(ordered from a marine catalog) led to bedrooms on a mezzanine; under the mezzanine was a small alcove with built-in seats and bookcases, and a kitchen. Charles and Ray Eames lived in their “house of parts” for the rest of their lives.

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Eames House, Pacific Palisades, California; Charles and Ray Eames, architects, 1945–1949. Interior of living room, photographed in 1978.

By precept and practice, and by the exploitation of technology, they made an invaluable social contribution by promoting the awareness of good design throughout the United States. Their design partnership encompassed many fields: architectural works from houses to exhibitions; innovative plywood, aluminum, or fiberglass chairs; graphics; toy animals; and even a carousel. They also produced more than 120 films. Recently, an international exhibition of their achievements was mounted at Vitra Design Museum in Weil am Rhein, Germany. Vitra was the European manufacturer of their furniture for more than thirty years. The show, The Work of Charles and Ray Eames: A Legacy of Invention, traveled to Bilbao, Paris, Copenhagen, and London before beginning its American tour at the Library of Congress in May 1999, after which it moved to New York, St. Louis, Los Angeles, and Seattle.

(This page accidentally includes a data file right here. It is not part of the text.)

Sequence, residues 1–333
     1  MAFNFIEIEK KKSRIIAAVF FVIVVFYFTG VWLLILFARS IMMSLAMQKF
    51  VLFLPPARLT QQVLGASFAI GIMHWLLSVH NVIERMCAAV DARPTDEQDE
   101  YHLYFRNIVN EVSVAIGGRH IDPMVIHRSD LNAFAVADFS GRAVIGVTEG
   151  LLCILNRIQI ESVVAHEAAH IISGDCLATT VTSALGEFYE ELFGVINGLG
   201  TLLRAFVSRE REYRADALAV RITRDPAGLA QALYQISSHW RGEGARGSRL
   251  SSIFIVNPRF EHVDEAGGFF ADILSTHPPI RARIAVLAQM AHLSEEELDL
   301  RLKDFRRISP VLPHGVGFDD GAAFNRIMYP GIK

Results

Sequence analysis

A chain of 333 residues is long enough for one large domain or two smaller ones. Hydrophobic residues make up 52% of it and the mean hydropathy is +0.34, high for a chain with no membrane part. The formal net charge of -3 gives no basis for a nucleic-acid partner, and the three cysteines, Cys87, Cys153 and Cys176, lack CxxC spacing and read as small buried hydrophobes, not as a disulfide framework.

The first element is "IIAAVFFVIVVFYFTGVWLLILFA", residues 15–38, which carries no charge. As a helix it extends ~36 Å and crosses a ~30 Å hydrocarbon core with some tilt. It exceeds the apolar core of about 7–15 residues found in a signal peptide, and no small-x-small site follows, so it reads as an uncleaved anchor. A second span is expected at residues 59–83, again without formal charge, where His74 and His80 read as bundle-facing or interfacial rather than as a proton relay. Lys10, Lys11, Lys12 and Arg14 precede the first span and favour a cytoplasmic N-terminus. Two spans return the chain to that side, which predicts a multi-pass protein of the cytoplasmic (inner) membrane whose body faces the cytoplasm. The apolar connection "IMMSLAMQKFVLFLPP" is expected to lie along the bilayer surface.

Further reading

Dunster, David. 1990. Houses, 1945–1989. Vol. 2 of Key Buildings of the Twentieth Century. Boston: Butterworth.

Neuhart, John, Marilyn Neuhart, and Ray Eames. 1989. Eames Design: The Work of the Office of Charles and Ray Eames. New York: Abrams.

Steele, James. 1998. Eames House: Pacific Palisades 1949, Charles and Ray Eames. London: Phaidon.

Eiffel Tower

Paris, France

The Eiffel Tower was built between 1887 and 1889 as the entrance arch to the International Paris Exhibition, held to celebrate the centenary of the French Revolution. Conceived in 1882 by Gustave Eiffel’s chief research engineers Maurice Koechlin and Emile Nouguier, and constructed in collaboration with architect Stephan Suavestre, the tower is a graceful and imaginative puddled iron lattice pylon. It soars to 1,020 feet (312 meters), the first building in almost 5,000 years to surpass the height of the Great Pyramid.